Some of the major powers that the National Labor Relations Board now wields, such as enforcing rules and regulating non-banking industries such as payday lenders, mortgage brokers and debt collectors, are drawn from having a director in place. The Consumer Financial Protection Bureau was created as a part of the Dodd-Frank banking reform law.
Some $425 million of enforcement actions against credit card companies could be at risk as a result of last week’s court ruling against the Obama administration.
Last Friday, a U.S. Appeals Court said President Obama’s recess appointments to the National Labor Relations in 2011 were unconstitutional. A recess appointment also gave the Consumer Financial Protection Bureau (CFPB) its director, Richard Cordray.
That’s a big deal, because some of the major powers that the bureau now wields, such as enforcing rules and regulating non-banking industries such as payday lenders, mortgage brokers and debt collectors, are drawn from having a director in place. The CFPB was created as a part of the Dodd-Frank banking reform law.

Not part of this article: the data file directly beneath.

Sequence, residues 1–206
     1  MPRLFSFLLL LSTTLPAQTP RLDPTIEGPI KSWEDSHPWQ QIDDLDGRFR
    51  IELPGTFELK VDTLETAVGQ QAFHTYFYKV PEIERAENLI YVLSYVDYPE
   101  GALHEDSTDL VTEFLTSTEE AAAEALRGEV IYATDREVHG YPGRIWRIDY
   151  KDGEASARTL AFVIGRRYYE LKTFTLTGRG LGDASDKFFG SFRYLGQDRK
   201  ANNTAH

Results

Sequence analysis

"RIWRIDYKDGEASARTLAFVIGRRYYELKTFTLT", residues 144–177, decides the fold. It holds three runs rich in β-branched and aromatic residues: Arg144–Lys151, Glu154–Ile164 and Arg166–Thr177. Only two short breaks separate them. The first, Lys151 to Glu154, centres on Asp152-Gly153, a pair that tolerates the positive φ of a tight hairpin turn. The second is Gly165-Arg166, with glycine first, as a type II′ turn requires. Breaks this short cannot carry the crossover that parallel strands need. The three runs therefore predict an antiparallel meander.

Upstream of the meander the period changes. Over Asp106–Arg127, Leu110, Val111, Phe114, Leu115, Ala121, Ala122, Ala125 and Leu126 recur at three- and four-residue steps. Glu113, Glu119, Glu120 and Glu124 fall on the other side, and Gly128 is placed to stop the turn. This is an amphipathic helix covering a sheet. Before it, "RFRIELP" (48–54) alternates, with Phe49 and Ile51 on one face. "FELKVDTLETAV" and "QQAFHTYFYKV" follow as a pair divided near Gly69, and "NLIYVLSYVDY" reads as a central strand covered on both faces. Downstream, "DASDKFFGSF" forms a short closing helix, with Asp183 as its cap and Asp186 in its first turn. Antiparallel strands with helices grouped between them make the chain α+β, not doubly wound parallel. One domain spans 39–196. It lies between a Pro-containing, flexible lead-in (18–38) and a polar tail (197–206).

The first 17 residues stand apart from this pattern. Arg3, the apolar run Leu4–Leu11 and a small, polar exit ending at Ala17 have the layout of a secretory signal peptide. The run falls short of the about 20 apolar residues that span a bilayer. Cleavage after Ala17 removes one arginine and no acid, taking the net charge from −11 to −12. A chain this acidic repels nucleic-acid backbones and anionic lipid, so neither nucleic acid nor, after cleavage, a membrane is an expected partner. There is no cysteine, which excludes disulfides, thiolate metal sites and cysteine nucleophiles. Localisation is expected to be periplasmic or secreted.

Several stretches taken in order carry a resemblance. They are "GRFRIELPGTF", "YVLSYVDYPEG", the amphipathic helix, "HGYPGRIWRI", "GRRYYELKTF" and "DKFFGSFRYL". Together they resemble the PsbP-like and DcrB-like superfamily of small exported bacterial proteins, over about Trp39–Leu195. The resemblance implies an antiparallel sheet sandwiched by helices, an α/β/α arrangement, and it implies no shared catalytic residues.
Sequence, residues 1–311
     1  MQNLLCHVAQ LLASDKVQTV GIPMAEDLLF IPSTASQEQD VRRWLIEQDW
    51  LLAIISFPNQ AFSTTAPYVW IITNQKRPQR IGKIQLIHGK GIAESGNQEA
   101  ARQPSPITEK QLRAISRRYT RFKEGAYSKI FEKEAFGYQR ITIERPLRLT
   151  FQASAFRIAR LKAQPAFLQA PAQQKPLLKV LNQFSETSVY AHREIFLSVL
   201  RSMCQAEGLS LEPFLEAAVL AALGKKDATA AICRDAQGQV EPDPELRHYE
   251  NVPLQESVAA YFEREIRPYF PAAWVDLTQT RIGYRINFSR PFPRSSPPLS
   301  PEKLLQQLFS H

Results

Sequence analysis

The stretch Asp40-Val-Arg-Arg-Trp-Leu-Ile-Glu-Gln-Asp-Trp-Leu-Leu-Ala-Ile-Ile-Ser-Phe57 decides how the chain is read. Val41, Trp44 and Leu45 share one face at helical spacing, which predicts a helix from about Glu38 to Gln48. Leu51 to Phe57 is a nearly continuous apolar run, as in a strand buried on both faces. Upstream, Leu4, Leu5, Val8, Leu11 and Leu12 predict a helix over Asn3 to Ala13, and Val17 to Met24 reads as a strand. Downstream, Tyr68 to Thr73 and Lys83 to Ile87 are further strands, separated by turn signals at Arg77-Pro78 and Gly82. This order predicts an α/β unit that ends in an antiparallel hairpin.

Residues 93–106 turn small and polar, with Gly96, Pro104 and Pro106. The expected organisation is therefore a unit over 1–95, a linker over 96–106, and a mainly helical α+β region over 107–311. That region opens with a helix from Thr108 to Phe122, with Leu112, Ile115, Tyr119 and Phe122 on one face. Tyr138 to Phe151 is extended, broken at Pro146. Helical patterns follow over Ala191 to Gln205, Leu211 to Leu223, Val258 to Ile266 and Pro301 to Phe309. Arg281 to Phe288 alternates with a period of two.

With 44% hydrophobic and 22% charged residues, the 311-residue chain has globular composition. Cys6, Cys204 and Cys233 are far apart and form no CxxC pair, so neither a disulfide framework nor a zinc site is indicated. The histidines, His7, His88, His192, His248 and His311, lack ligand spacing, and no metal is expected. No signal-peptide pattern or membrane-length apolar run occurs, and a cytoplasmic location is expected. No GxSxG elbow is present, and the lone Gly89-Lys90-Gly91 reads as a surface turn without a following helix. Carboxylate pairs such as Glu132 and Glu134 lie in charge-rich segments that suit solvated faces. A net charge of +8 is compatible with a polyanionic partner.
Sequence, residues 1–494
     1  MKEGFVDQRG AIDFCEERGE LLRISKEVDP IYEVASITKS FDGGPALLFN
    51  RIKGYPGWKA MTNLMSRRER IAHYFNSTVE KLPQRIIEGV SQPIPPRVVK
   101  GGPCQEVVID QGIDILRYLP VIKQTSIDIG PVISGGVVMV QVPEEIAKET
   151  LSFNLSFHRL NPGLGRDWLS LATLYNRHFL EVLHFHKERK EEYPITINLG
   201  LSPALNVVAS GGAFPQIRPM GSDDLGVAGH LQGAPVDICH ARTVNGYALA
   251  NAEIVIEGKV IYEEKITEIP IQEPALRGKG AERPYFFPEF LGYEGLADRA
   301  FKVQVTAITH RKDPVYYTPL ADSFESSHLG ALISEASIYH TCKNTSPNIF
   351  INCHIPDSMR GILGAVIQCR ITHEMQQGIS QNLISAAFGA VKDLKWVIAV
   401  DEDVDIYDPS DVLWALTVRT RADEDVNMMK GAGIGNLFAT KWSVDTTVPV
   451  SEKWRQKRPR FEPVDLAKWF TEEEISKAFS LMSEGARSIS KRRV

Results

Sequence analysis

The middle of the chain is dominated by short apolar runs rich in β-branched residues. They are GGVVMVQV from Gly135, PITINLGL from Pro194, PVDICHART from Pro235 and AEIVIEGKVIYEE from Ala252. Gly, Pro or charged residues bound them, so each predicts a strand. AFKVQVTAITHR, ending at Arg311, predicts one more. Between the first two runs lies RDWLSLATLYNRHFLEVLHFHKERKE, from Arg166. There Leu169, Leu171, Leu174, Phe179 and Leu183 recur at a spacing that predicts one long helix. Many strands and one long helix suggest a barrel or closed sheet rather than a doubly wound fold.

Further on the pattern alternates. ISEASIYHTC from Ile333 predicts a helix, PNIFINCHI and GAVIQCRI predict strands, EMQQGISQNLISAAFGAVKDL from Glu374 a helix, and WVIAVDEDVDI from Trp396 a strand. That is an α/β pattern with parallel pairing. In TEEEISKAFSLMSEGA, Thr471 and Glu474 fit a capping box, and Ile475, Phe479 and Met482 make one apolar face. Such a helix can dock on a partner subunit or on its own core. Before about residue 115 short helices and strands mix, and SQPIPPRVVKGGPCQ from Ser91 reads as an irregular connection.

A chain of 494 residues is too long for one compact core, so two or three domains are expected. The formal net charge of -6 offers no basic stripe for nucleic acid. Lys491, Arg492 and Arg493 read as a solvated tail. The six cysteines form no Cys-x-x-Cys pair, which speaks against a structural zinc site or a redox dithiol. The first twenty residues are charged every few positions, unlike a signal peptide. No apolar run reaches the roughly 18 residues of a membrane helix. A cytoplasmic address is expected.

CNNMoney.com reports such a ruling could undo some of the bureau’s biggest victories. They include three big enforcement actions against Capital One, Discover, and American Express for deceptive marketing and other charges that gave $425 million to consumers and another $66.5 million to the bureau as penalty fees.
It could also freeze consumer bureau investigations and stop major rules the agency is currently working on, said former employees of the bureau. It could also call into question the bureau’s recent new rules for mortgage lenders intended to reduce risky lending, Gardner said.
Banks aren’t happy about the growing possibility for regulatory chaos, several banking lobbyists said.
The bureau’s fate could be decided in the next few weeks, because a small community bank, State National Bank of Big Spring, Texas, has already filed a lawsuit questioning whether Cordray’s appointment was constitutional. The next deadline for that case is Feb. 13.